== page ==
Ireland's trade deficit for Personal Protective Equipment (PPE) is the seventh largest in the EU.
A new report by the Parliamentary Budget Office lays out in stark terms how Ireland's lack of domestic supply of PPE, which includes items such as masks, gowns, gloves, face shields and eyewear worn by medical staff when treating patients, has affected the coronavirus response.
Ireland relies heavily on other countries for PPE equipment, and in 2019, it imported €340m more of PPE products than it exported, the seventh largest trade deficit for PPE in the EU.
Germany is the largest exporter of PPE, followed by Italy, France and Spain.
While the majority of Ireland's imports come from the EU (63%), the State is heavily reliant on other markets, too.
70% of Ireland’s 2019 PPE imports relied on just four countries, the UK accounts for the largest share (31%) followed by the US (19%), Germany (11%) and China (8%).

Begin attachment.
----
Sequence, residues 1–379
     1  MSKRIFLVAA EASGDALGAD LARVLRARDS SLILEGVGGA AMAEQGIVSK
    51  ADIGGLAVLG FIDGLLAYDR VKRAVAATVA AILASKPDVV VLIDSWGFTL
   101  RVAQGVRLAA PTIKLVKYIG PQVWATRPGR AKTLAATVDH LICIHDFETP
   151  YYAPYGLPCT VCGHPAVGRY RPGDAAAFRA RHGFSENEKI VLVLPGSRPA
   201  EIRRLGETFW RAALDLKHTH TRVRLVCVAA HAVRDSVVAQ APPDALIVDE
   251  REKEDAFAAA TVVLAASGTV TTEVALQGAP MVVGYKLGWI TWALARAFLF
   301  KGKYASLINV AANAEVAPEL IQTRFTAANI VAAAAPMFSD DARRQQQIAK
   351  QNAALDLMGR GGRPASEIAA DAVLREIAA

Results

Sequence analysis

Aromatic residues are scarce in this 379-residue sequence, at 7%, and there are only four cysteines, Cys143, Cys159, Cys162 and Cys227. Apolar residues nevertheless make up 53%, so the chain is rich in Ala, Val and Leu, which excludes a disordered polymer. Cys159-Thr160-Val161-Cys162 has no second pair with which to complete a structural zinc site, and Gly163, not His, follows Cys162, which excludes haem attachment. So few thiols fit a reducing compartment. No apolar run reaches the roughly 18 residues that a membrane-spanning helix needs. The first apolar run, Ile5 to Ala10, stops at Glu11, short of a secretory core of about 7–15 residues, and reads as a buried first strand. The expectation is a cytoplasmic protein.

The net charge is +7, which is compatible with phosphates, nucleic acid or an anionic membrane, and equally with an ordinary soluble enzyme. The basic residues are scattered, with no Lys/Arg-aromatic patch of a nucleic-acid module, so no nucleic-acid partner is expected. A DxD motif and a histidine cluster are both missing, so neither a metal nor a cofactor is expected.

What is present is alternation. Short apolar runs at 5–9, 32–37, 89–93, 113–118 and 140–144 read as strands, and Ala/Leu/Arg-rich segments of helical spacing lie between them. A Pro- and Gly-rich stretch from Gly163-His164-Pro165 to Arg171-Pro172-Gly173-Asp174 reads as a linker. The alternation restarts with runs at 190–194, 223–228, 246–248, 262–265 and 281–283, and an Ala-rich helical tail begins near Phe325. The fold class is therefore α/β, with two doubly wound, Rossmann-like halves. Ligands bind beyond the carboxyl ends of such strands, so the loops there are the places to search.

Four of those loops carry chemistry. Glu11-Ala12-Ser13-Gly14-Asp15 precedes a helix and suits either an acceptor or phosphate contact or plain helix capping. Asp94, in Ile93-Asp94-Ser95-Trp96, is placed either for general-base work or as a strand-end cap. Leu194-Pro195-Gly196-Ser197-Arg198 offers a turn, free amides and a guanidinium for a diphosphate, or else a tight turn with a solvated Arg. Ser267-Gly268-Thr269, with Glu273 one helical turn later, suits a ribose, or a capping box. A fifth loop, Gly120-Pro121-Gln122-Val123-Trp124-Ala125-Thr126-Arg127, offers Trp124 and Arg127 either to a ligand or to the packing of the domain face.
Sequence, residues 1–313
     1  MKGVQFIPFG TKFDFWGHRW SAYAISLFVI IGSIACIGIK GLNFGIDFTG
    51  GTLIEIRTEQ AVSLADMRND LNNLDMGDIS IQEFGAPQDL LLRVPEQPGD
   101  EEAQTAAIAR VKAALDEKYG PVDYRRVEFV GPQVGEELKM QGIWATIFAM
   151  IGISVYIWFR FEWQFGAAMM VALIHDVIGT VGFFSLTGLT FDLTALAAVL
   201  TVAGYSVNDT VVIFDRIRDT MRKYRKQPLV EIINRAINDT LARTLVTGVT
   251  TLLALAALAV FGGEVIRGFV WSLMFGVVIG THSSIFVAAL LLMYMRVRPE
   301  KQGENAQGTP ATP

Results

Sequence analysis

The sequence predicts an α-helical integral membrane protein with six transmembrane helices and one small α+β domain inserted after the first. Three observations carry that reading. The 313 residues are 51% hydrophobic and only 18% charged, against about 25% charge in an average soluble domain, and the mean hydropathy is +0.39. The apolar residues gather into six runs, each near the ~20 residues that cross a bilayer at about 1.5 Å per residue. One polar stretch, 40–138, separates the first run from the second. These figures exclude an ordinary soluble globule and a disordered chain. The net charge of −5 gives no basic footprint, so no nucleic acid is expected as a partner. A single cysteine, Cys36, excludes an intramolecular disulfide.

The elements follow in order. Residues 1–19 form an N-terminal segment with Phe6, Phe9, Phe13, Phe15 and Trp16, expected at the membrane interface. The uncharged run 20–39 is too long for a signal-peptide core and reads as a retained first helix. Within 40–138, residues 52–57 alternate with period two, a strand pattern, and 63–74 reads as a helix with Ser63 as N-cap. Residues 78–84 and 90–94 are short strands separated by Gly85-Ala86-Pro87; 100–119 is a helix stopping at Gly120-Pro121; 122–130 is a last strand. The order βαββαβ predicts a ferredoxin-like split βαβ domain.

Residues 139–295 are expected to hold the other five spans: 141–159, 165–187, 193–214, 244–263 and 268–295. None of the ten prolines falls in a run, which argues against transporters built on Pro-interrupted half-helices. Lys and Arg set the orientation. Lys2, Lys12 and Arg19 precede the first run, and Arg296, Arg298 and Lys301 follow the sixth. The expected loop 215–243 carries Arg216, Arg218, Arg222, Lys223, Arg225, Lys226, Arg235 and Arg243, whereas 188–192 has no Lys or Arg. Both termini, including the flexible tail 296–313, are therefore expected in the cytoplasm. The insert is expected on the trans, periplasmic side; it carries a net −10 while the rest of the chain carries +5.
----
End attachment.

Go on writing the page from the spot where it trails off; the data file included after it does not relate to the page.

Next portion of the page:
This fact has been described as "worrying" in the report, as all four of these countries have been severely affected by the pandemic and have a significant number of cases themselves.
Since the outbreak of the pandemic many countries have faced shortages, resulting in new restrictions on companies selling these goods outside of the EU.
Health professionals and the public have been flagging concerns about the availability of PPE in Ireland since the beginning of the crisis.
Officials from the Department of Health and government ministers have long cited a "competitive worldwide market" for the equipment, meaning Ireland is often in a race with other countries to have orders placed.
Doctors have urged the Government to come clean over how long it will take to address problems with some Chinese coronavirus protective equipment that was delivered last week.
A long-awaited €200m order saw plane-loads of kit arriving in Ireland only to be described as not fit for purpose.
Health chiefs have acknowledged supplies in some cases are different from what Irish medics are used to.
They are attempting to source additional equipment.